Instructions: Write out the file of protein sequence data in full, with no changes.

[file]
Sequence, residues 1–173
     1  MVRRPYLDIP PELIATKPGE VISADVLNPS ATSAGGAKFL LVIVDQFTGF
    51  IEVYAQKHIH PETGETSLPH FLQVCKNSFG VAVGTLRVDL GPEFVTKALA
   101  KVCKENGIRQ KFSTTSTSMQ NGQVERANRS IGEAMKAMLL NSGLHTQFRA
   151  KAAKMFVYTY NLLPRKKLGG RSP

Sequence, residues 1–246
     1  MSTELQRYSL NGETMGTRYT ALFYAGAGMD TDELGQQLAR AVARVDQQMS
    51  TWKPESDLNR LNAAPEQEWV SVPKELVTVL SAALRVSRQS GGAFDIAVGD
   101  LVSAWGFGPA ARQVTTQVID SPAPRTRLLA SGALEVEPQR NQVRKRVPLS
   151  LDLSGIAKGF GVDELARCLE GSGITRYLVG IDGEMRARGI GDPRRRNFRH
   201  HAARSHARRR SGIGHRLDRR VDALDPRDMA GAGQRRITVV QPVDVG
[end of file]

Sequence, residues 1–173
     1  MVRRPYLDIP PELIATKPGE VISADVLNPS ATSAGGAKFL LVIVDQFTGF
    51  IEVYAQKHIH PETGETSLPH FLQVCKNSFG VAVGTLRVDL GPEFVTKALA
   101  KVCKENGIRQ KFSTTSTSMQ NGQVERANRS IGEAMKAMLL NSGLHTQFRA
   151  KAAKMFVYTY NLLPRKKLGG RSP

Sequence, residues 1–246
     1  MSTELQRYSL NGETMGTRYT ALFYAGAGMD TDELGQQLAR AVARVDQQMS
    51  TWKPESDLNR LNAAPEQEWV SVPKELVTVL SAALRVSRQS GGAFDIAVGD
   101  LVSAWGFGPA ARQVTTQVID SPAPRTRLLA SGALEVEPQR NQVRKRVPLS
   151  LDLSGIAKGF GVDELARCLE GSGITRYLVG IDGEMRARGI GDPRRRNFRH
   201  HAARSHARRR SGIGHRLDRR VDALDPRDMA GAGQRRITVV QPVDVG